Toronto Fringe: A powerful, intimate, darkly funny examination of the nature of art & personal validation in Bakersfield Mist

ytheatre Collective explores the nature of art and the human need for validation in its powerful, intimate and darkly funny Toronto Fringe production of Stephen Sachs’ Bakersfield Mist, directed by David Eden and running in the Trinity-St. Paul’s United Church Chapel Room.

Based on the true story of Teri Horton and a thrift shop find, Bakersfield Mist takes us to the trailer park home of bartender Maude Gutman (Marie Carriere Gleason) and her meeting with renowned New York art historian Lionel Percy (Thomas Gough), who’s been tasked with authenticating a painting Maude found in a thrift store.

What’s interesting about Maude’s dogged determination to have this work verified as an important American Master work is that it’s not about the money—it’s about the validation. She is deeply concerned about authenticity and personal validation; and this is something she has in common with Lionel, whose stringent standards of professionalism and honesty are the hallmarks of his work.

Hard-drinking, tough-talking and down-home friendly, Maude is the polar opposite of the sharp-pressed, formal and aloof Lionel—but as their meeting continues, they learn they have more in common than they could have ever imagined in that they are both fastidious, proud, stubborn—and haunted and troubled.

What makes art—and people—important? And who is to judge?

Bakersfield Mist continues in the Trinity-St. Paul’s Chapel until July 13; check the show page for exact dates/times.

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Toronto Fringe: Out of the echoes of pain and loss comes a beautiful noise in the powerful, moving Echoes – A New Musical

nickeshia_garrick_and_kyle_holt_brown - echoesWriter/director Andrew Seok “wanted to write a musical about war and its effect on families and relationships” – and he’s done just that, to great effect with Chaos & Light’s production of Echoes – A New Musical, running at Toronto Fringe at Jeanne Lamon Hall in Trinity-St. Paul’s United Church, with music direction and accompaniment by Robert Graham.

Inspired by personal letters and journal entries, and taking us across decades and into a new century, Echoes is divided into three acts, starting with the American Civil War, where fugitive husband (Kyle Holt Brown) and wife (Nickeshia Garrick) slaves are separated when the wife and their daughter (Millie Davis) are captured; when he reaches the north, the husband joins the army to gain his freedom. Act II takes place during WWI, where we see the effects of war on the future of a young captain (Andrew Seok) and his fiancée (Marisa McIntyre). Act III finds us in WWII and a father (Micah Richardson) leaving his daughter (Millie Davis & Amaka Umeh) to serve in the army shortly after her mother has died; ashamed by what he’s doing in the name of duty, he constantly breaks his promise to return home to his daughter until years later. The common, running thread throughout all of these stories is the courier (beautifully performed by Jeff Madden), delivering and receiving letters for delivery – and wondering about the reasons for it all.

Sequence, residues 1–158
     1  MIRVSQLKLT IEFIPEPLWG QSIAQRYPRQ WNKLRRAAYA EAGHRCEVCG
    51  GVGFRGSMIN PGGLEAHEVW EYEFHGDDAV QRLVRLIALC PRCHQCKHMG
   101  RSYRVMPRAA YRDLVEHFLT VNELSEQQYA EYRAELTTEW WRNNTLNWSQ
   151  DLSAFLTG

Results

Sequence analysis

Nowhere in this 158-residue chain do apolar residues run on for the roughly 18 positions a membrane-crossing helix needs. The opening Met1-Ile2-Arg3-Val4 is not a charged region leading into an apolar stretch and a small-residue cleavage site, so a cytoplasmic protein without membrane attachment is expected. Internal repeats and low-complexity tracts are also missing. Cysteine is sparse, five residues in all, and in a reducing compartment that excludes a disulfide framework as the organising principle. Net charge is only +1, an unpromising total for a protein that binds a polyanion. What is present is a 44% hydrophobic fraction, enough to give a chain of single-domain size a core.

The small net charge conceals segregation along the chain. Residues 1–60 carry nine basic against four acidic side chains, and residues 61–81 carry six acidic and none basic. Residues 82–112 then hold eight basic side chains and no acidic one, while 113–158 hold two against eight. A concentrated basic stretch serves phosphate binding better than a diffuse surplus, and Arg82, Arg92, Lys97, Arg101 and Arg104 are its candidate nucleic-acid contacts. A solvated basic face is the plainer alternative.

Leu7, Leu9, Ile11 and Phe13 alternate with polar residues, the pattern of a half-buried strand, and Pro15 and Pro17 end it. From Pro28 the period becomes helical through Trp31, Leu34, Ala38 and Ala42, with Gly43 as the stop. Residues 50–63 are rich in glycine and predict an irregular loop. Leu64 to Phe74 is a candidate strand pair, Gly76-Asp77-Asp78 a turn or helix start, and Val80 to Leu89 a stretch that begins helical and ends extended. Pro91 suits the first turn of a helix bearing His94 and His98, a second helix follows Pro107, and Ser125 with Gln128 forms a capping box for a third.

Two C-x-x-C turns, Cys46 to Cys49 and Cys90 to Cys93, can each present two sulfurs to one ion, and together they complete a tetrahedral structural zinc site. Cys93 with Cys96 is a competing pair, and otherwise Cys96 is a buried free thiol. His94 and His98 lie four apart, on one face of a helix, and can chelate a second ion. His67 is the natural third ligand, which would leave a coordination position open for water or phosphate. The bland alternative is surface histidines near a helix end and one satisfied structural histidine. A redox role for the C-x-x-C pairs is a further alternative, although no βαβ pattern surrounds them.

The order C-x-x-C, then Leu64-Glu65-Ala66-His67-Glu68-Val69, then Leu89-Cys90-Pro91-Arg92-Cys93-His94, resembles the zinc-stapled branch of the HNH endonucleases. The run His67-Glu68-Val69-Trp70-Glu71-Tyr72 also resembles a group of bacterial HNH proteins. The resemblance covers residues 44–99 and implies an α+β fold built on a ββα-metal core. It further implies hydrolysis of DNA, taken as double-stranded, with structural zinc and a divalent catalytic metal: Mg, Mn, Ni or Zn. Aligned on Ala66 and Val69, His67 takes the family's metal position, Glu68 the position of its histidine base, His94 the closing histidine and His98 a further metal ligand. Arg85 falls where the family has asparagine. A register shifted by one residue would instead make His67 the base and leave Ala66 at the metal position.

The score is filled with gorgeous, heart-wrenching ballads, with some dark comic relief (performed by a pair of scoundrels played by Hart Massey and Christopher Sawchyn – “The Treaty” and “We’ll Be Back”). Stand-outs include “Demons & Angels,” “Angels Won’t Sleep Tonight” and “All the Things that Life Used to Know.” And “Hymn,” the gospel-inspired finale lead by Nickeshia Garrick is a perfect way to end this piece in that it reminds us of the better angels within us all.

I’ve seen several standing ovations over the course of Fringe this year, but none so unanimous as the one the Echoes cast received last night.

Out of the echoes of pain and loss comes a beautiful noise that reminds us what we could be in the powerful, moving Echoes – A New Musical.

Echoes – A New Musical has one final performance at Jeanne Lamon Hall in Trinity St. Paul’s: tonight (Sat, July 9) at 8:00 p.m. They’re sold out, but there may be a few stray tickets at the door.